Lessons in Leadership


Amid the spread of COVID-19 and the resulting economic slowdown, businesses and organizations across all sectors of the economy are faced with never-before-seen levels of uncertainty. Rising to the occasion are countless professionals who are taking action to contribute to their communities and adapt their companies to whatever post-pandemic normal may be in store.

We’ve rounded up some of Miami’s most notable business and civic leaders to find out how they are leading through this crisis.

Neology Life‘s Lissette Calderon shared how she is putting employees first while running operations through the coronavirus pandemic with the Miami Herald. “I consider our team family, and my priority is to provide the support and confidence they need to take care of their families and to get the job done.”


Bilzin Sumberg‘s Managing Partner Albert E. Dotson, Jr. discussed how his team is navigating the effects of coronavirus in a Q+A with the Miami Herald. “South Florida has proven itself resilient time and again, and I have no doubt we will emerge from this health crisis stronger than before.”


Chairman and CEO of Apollo Bank Eddy Arriola spoke with the Miami Herald and South Florida Business Journal on how community banks such as Apollo Bank are on the front lines with the liquidity and capital to be part of getting the economy back on track. “Banks are well-positioned to help stimulate an economic recovery. We are going to be a critical part of the national solution.”


In a Q&A with the Miami Herald, President of The Comras Company Michael Comras cited transparent communication between landlords and tenants as key for the retail sector’s survival during the coronavirus crisis. “Prior to COVID-19, retail was already going through a major transition, becoming more experiential and interactive. This will only become further pronounced as we emerge from this pandemic. There is no city as resilient as Miami. By communicating, supporting one another, and working together, we will once again come out on top.”


13th Floor Investments’ Arnaud Karsenti discussed the effects of coronavirus on real estate investment in a Q+A with Miami Herald. “Everyone is rooting first and foremost for our South Florida community to emerge and thrive. Right now, people are focused on staying safe – as they should be – and aren’t necessarily looking for a new place to call home. The reality is that South Florida is one of the most desirable residential markets in the world, so there’s always going to be demand for both urban and suburban living.”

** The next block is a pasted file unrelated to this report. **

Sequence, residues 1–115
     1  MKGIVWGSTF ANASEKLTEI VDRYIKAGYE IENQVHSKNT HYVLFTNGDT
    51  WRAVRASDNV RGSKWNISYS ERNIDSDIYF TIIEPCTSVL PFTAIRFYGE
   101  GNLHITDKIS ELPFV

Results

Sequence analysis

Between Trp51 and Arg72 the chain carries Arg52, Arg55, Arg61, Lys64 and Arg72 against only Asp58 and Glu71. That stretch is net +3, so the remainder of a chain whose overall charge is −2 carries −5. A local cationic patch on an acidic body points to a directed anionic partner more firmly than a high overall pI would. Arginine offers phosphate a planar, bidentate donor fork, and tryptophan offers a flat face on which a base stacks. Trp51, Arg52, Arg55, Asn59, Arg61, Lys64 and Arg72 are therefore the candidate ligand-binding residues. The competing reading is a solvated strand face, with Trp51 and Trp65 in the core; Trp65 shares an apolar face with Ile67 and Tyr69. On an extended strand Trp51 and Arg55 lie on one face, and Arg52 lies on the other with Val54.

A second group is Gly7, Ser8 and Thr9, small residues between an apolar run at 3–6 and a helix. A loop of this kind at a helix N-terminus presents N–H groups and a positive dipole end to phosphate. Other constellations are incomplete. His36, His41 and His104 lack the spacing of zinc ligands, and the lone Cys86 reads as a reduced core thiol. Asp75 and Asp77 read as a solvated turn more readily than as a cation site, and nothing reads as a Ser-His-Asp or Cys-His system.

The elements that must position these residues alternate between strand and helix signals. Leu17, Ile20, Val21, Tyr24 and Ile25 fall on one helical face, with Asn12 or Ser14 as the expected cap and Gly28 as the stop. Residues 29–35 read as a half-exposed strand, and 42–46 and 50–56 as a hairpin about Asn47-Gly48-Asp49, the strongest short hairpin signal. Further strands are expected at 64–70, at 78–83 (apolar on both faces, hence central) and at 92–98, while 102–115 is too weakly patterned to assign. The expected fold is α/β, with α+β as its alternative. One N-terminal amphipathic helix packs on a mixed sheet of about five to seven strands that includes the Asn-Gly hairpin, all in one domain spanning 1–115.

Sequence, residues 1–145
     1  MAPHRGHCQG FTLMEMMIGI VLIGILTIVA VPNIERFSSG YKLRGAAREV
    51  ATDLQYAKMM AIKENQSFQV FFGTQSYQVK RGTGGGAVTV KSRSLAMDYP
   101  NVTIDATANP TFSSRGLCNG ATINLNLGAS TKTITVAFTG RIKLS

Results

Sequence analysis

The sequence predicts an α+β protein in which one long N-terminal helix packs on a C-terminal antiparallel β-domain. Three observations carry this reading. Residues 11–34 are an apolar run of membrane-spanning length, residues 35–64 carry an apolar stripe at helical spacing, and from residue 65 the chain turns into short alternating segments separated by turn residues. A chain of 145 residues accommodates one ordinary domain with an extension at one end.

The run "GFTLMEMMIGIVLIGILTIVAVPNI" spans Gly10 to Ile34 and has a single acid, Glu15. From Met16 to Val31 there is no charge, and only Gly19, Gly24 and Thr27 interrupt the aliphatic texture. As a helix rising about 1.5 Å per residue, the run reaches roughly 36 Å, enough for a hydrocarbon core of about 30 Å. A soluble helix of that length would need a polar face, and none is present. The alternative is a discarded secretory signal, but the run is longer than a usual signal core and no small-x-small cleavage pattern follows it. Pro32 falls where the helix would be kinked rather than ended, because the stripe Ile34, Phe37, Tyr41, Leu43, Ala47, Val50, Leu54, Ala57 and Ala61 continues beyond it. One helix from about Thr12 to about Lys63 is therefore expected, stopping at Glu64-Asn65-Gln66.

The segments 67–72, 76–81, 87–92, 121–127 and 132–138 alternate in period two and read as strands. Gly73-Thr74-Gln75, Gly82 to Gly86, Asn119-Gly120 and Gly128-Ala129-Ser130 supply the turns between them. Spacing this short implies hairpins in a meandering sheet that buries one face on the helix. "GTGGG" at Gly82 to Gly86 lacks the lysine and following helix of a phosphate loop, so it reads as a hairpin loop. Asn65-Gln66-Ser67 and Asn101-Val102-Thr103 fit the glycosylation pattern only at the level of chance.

The work that Executive Director of Florida Foster Care Review Candice Maze, JD, her team, and board members – including Aaron Gordon – are doing is invaluable. She spoke with the Daily Business Review on what they are doing amid the pandemic. “Economic slowdowns cause an uptick in child abuse and neglect. Fortunately, our community is home to nonprofits that provide a safety net for children.”


President and CEO of City National Bank Jorge Gonzalez talked about how his team is supporting the business community during the pandemic in a Q+A with the Miami Herald. “City National Bank is closing $2 billion worth of PPP loans within three weeks, about the same they traditionally lend in one year….I’m proud of how our entire company has come together to put a program in place that ensures we are able to help our clients and the broader community during a very difficult time. Our team has been working around-the-clock, from home and in the midst of a pandemic and economic crisis, to process more than 6,000 applications on behalf of businesses seeking relief — clients and non-clients alike.”


Carrfour Supportive Housing president and CEO Stephanie Berman-Eisenberg shared how the COVID-19 crisis is affecting the affordable housing industry and vulnerable populations through a Q+A with the Miami Herald. “With hundreds of calls each week from families looking for affordable housing, we are seeing an increase in demand for affordable housing. One of the most important lessons from previous economic downturns is that we must rapidly come together as neighborhoods and communities with a personal responsibility to our most vulnerable neighbors. Timing matters.”


Skanska USA‘s leading women discussed how health care construction put patients first with the South Florida Business Journal. “Because the hospital is active, we have to try to schedule work around patient care. It’s not always easy. From planning to executing the project, we have to be nearly invisible while building. But maintaining a safe and clean environment for patients is the No. 1 priority.”